The Preservation Department of the Smithsonian Libraries (SIL) has been preparing materials for the past year for the upcoming exhibition in the SIL Gallery, National Museum of American History, Cultivating America’s Gardens. Drawn mainly from the collections of the Smithsonian Libraries and Smithsonian’s Archives of American Gardens, it is a cooperative curatorial effort of both units.
This post was written by American Art/Portrait Gallery (AA/PG) Library intern Sharon Wolff. Sharon is an MSIS grad student at SUNY at Albany in New York, and came down to DC to intern with the AA/PG from the end of December through most of January. She primarily worked on cataloging the Art and Artist Files while she was there, along with the upcoming Al-Mutanabbi Street Starts Here exhibit.
I wasn’t entirely sure what to expect when I was accepted as an intern for the Smithsonian AA/PG Library in DC, but I certainly could not have predicted that I would accompany Anne Evenhaugen to George Mason University to pick up artists’ books and prints for an exhibition on my second day. I wasn’t even sure what an artist’s book was, so the whole trip was a great learning opportunity for me!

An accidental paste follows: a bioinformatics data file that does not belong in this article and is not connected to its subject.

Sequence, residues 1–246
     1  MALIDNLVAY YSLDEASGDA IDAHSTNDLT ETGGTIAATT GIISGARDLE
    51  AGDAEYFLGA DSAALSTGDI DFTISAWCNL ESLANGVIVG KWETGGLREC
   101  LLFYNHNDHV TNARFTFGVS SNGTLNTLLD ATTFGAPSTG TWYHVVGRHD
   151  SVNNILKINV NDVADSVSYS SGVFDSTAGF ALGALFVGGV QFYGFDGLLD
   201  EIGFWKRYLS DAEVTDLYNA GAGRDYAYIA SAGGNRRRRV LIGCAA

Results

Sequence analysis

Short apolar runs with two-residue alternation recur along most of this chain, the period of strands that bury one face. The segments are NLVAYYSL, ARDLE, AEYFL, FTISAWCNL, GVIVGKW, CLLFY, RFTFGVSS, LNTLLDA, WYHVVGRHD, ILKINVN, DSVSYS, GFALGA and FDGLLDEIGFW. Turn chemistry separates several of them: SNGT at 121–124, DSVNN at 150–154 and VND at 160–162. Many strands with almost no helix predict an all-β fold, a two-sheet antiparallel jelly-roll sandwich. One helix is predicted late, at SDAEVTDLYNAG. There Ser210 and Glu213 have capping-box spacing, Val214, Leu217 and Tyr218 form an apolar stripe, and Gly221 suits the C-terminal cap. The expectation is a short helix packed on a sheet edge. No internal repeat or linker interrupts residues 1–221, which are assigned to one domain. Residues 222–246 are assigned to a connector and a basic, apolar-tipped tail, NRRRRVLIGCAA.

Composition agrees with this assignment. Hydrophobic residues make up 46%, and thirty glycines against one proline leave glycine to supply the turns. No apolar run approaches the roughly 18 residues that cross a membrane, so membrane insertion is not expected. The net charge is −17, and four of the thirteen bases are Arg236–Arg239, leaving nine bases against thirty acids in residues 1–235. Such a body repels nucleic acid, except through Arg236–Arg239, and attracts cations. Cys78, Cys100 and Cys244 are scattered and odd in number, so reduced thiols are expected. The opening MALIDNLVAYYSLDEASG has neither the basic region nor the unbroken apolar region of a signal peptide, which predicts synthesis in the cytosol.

You have the opportunity to own an awesome piece of imagery from Fantastic Worlds: Science and Fiction 1780-1910 and support Smithsonian Libraries exhibition programming! Now until December 7th, you can order this limited edition graphic tee through TFund. It features signature imagery from the exhibition: a so-called “man bat” from Leopold Galluzzo’s Altre scoverte fatte nella luna dal Sigr. Herschel , 1836. Click here now to buy!
This post was written by Kirsten van der Veen, co-curator of “Fantastic Worlds.”
When the west wing of the National Museum of American History reopens today, July 1, after extensive renovations, a new Smithsonian Libraries exhibition will be opening with it: Fantastic Worlds: Science and Fiction, 1780-1910. It will be the first exhibition to debut in the newly refurbished Smithsonian Libraries Exhibition Gallery. On display will be some of the very works that exposed an eager and curious public to the wealth of new ideas and inventions of the 19th century (landmarks of scientific discovery, imaginative fictions, popular science, newspaper hoaxes, dime novels, and more). Showcased alongside selected historical artifacts from Smithsonian museum collections, the books on exhibition will trace the impact of the period’s science on the world of fiction.